Long before Crimea and the Senkaku islands entered their consciousness, Republicans in the U.S. Senate determined to block ratification of new treaties. They refuse even to discuss limitations on ballistic-missile defenses and other forms of arms control that could motivate Russia and China to limit and perhaps reverse the modernization of their forces.

Meanwhile, France bristles at anything that might complicate its perpetual retention of nuclear weapons. Pakistan and India expand their nuclear arsenals. North Korea rattles its nuclear sabre. And non-nuclear-weapon states such as South Africa and Brazil that could have been expected to support the disarmament agenda by strengthening nonproliferation rules and their enforcement instead stand on the sidelines and grumble.

In this environment it is tempting to dismiss the goal of nuclear abolition as a fleeting dream of a new president and international do-gooders. However, turning away from fundamental questions about the future role of nuclear weapons cedes too much importance to transient political trends and neglects issues of great strategic import. The happenings of the past five years should not be allowed to foreclose serious analysis and debate looking to the future.

Defenders of nuclear weapons (and opponents of Obama) emphasize that nuclear weapons deter warfare. The president knows this, of course. In Prague he said, “As long as these weapons exist, the United States will maintain a safe, secure and effective arsenal to deter any adversary, and guarantee that defense to our allies—including the Czech Republic.”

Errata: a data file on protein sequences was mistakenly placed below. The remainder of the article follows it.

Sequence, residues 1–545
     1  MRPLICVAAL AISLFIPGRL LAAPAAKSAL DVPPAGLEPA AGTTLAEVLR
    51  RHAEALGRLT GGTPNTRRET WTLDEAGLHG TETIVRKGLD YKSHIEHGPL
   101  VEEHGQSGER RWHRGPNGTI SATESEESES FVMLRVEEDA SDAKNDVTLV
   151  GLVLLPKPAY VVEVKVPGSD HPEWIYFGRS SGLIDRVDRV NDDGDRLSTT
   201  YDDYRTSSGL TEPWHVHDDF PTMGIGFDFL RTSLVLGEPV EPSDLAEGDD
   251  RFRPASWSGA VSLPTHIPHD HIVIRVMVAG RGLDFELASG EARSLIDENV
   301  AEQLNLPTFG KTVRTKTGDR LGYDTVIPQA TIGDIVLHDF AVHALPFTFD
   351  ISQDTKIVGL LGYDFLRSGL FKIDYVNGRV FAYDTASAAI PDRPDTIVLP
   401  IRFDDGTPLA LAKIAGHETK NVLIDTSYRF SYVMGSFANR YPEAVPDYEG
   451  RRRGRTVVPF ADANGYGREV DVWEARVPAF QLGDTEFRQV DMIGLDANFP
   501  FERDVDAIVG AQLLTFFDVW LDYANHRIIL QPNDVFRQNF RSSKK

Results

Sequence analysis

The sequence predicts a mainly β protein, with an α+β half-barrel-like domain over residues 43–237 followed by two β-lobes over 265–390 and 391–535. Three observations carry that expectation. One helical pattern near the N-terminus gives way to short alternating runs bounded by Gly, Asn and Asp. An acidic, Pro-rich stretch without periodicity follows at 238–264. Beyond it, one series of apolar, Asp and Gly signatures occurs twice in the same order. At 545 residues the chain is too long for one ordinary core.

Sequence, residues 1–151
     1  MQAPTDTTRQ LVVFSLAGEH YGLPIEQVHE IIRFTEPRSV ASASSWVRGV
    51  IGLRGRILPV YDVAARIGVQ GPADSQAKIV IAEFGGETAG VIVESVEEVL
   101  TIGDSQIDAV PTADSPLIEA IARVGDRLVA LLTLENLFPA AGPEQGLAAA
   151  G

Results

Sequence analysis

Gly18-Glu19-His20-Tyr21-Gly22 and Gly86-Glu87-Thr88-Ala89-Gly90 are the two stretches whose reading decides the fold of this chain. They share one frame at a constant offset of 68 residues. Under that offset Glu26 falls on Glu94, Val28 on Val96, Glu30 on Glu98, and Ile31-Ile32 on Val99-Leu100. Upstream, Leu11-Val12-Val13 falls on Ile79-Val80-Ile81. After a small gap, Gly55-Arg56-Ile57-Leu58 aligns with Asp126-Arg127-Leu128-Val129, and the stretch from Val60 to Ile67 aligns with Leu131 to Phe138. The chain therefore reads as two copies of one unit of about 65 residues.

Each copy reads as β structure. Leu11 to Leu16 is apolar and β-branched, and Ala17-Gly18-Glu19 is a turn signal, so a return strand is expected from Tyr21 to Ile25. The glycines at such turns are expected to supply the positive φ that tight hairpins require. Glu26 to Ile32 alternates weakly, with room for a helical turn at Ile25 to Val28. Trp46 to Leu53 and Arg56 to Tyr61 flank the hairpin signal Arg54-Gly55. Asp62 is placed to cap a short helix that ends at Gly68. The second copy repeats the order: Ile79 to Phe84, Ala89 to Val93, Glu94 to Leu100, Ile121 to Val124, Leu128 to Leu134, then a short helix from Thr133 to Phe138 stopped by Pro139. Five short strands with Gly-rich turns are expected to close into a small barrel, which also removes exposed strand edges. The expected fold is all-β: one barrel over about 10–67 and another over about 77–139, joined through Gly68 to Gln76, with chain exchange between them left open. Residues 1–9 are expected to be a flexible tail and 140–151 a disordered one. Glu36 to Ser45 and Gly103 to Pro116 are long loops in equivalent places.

Curbing Violence in Nigeria (II): The Boko Haram Insurgency

Africa Report N°2163 Apr 2014


Boko Haram’s four-year-old insurgency has pitted neighbour against neighbour, cost more than 4,000 lives, displaced close to half a million, destroyed hundreds of schools and government buildings and devastated an already ravaged economy in the North East, one of Nigeria’s poorest regions. It overstretches federal security services, with no end in sight, spills over to other parts of the north and risks reaching Niger and Cameroon, weak countries poorly equipped to combat a radical Islamist armed group tapping into real governance, corruption, impunity and underdevelopment grievances shared by most people in the region. Boko Haram is both a serious challenge and manifestation of more profound threats to Nigeria’s security. Unless the federal and state governments, and the region, develop and implement comprehensive plans to tackle not only insecurity but also the injustices that drive much of the troubles, Boko Haram, or groups like it, will continue to destabilise large parts of the country. Yet, the government’s response is largely military, and political will to do more than that appears entirely lacking.

Most Nigerians are poorer today than they were at independence in 1960, victims of the resource curse and rampant, entrenched corruption. Agriculture, once the economy’s mainstay, is struggling. In many parts of the country, the government is unable to provide security, good roads, water, health, reliable power and education. The situation is particularly dire in the far north. Frustration and alienation drive many to join “self-help” ethnic, religious, community or civic groups, some of which are hostile to the state.